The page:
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Re: [long] Re: Greylisting and Postfix

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  • Michael J Wise
    ... You are completely missing the point. It isn t a case of Looks Like , it s a case of what is on the other end of the wire. ... External address. No
    Message 1 of 18 , Jun 1, 2006
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      On May 31, 2006, at 9:19 PM, Alex Satrapa wrote:
      > On 1 Jun 2006, at 16:13, Michael J Wise wrote:
      >> On May 31, 2006, at 5:39 PM, Alex Satrapa wrote:
      >>
      >>> (90% of the spam I get comes from Microsoft Outlook, which is a
      >>> "proper" mail sender).
      >>
      >> You've been misled.
      >> It may LOOK like it came from Outlook, but it didn't.
      >> It came from a piece of software trying desperately to look like it
      >> is Outlook.
      >
      > Walks like a duck, quacks like a duck, therefore it is a duck.
      >
      > Compare these two sets of headers:

      You are completely missing the point.
      It isn't a case of "Looks Like", it's a case of what is on the other
      end of the wire.

      >> Received: from sjq ([203.160.26.197])

      External address.
      No reverse DNS.
      Currently no DNSBLs of any consequence.

      >> X-Greylist: delayed 302 seconds by postgrey-1.21 at franklin; Tue,
      >> 30 May 2006 18:56:51 EST

      You might want to greylist it for a bit longer....
      Bottom line is, mail servers and local addresses shouldn't be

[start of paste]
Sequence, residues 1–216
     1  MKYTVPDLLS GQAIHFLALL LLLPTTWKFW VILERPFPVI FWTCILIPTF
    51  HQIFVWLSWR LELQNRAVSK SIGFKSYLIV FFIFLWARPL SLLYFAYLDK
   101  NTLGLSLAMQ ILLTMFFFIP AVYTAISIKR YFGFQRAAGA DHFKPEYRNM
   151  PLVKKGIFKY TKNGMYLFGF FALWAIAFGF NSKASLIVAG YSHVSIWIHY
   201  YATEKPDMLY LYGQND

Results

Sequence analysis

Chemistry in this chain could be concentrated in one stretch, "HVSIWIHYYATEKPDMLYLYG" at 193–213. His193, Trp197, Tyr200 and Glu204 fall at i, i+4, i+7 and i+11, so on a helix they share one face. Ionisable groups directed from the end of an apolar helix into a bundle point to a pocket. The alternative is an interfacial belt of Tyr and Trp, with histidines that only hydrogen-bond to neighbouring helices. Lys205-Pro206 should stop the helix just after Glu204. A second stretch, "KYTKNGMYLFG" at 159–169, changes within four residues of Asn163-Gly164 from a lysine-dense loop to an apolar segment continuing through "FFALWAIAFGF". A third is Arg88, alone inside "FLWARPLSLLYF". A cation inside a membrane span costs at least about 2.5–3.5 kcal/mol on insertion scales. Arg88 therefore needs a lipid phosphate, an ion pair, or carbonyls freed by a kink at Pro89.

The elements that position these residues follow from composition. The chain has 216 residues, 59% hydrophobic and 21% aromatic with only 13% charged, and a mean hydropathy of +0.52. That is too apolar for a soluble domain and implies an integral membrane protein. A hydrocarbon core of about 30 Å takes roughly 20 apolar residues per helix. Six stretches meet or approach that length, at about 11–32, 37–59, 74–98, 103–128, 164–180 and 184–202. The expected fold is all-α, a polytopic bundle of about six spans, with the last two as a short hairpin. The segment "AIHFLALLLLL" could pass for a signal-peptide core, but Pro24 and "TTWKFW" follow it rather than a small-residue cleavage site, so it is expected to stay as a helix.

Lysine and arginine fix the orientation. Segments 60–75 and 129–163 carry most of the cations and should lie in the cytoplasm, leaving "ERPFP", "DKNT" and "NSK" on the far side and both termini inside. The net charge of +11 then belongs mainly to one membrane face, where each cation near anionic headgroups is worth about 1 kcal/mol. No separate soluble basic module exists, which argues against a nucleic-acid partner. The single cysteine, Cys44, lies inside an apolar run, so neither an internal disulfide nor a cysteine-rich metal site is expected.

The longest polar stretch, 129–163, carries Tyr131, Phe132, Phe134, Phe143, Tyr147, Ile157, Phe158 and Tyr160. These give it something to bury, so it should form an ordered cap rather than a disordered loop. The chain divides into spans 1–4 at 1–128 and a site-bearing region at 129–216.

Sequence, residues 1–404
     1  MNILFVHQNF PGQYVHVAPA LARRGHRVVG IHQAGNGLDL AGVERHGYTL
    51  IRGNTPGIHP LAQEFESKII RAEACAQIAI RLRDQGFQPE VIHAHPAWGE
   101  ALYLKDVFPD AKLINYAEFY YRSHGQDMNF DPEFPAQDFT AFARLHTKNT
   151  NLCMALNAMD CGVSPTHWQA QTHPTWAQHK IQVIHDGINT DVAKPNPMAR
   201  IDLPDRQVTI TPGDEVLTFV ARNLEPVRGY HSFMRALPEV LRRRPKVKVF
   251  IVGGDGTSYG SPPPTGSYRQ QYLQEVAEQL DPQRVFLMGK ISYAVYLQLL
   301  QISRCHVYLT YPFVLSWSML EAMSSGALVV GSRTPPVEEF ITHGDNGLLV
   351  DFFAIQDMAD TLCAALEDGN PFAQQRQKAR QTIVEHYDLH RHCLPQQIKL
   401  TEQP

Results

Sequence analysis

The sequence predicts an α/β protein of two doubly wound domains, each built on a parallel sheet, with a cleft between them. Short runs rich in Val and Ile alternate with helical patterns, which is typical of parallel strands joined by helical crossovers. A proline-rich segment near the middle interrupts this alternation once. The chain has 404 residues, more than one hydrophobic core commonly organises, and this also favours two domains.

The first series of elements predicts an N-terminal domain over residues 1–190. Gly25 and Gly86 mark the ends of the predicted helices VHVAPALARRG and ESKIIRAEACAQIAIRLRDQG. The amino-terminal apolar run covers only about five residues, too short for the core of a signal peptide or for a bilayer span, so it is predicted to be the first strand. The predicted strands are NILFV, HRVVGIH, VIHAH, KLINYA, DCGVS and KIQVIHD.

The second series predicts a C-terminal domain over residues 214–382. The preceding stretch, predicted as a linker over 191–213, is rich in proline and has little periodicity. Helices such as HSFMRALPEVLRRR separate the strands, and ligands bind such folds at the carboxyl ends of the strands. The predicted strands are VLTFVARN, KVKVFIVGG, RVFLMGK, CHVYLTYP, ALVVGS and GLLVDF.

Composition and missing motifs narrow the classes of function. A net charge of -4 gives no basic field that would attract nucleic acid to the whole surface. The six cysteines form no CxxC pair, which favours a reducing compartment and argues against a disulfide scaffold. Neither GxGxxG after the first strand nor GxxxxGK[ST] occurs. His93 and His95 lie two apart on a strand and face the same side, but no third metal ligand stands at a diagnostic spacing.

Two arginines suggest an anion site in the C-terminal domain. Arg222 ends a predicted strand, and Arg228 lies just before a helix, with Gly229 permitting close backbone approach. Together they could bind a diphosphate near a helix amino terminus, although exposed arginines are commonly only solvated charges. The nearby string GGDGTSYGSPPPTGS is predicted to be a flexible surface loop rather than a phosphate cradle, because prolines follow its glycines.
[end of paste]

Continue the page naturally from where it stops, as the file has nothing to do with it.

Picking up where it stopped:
greylisted.
      But *unknown* connects should be for quite some time.
      302 seconds doesn't cut it.
      86400 seconds might.
      This is, of course, only MHO.

      > versus
      >
      >> Received: from DNA05 (unknown [192.168.2.205])

      Local address.

      > How do I distinguish the spam from the ham?

      That's your problem, Sir.
      And this isn't the list for it.

      > does it really matter what software was actually responsible for
      > sending the message?

      Yes.

      > That is only a philosophical discussion at best.

      Oh no, it's quite practical.
      You see... sometimes, they make misteaks.
      And those misteaks become a sign.

      Aloha mai Nai`a!
      --
      "Please have your Internet License http://kapu.net/~mjwise/
      and Usenet Registration handy..."
    • Alex Satrapa
      ... This was from a phishing attempt (trying to get me to enter my paypal account details into their website). Note that they reconnected after a couple of
      Message 2 of 18 , Jun 1, 2006
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        On 1 Jun 2006, at 17:19, Alex Satrapa wrote:

        > When I raise the greylist delay to half an hour (enough time for
        > the ISP to start getting complaints of spam originating from their
        > clients, and shut the client out), I start receiving complaints
        > from people whose mail servers send them messages saying, "I
        > couldn't deliver this message after half an hour, I'm still trying
        > though."

        And here's why greylisting doesn't work:

        > Received: from optkmv.ru (opttorg.cust.kmv.ru [217.13.208.17])
        > (using TLSv1 with cipher DHE-RSA-AES256-SHA (256/256 bits)) (No
        > client certificate requested) by smtp.apf.edu.au (Postfix) with
        > ESMTP id 88F6D8A80A3 for <alex.satrapa@...>; Thu, 1 Jun
        > 2006 19:54:31 +1000 (EST)
        > Received: from optkmv.ru (localhost [127.0.0.1] (may be forged))
        > by optkmv.ru (8.13.5/8.13.5) with ESMTP id k517X9rF003136 for
        > <alex.satrapa@...>; Thu, 1 Jun 2006 11:33:09 +0400
        > Received: (from diana@localhost) by optkmv.ru (8.13.5/8.13.5/
        > Submit) id k517X7sY003130; Thu, 1 Jun 2006 11:33:07 +0400
        > X-Sieve: CMU Sieve 2.2
        > X-Greylist: delayed 8422 seconds by postgrey-1.21 at franklin;
        > Thu, 01 Jun 2006 19:54:32 EST
        > Message-Id: <200606010733.k517X7sY003130@...>
        > Content-Type: text/html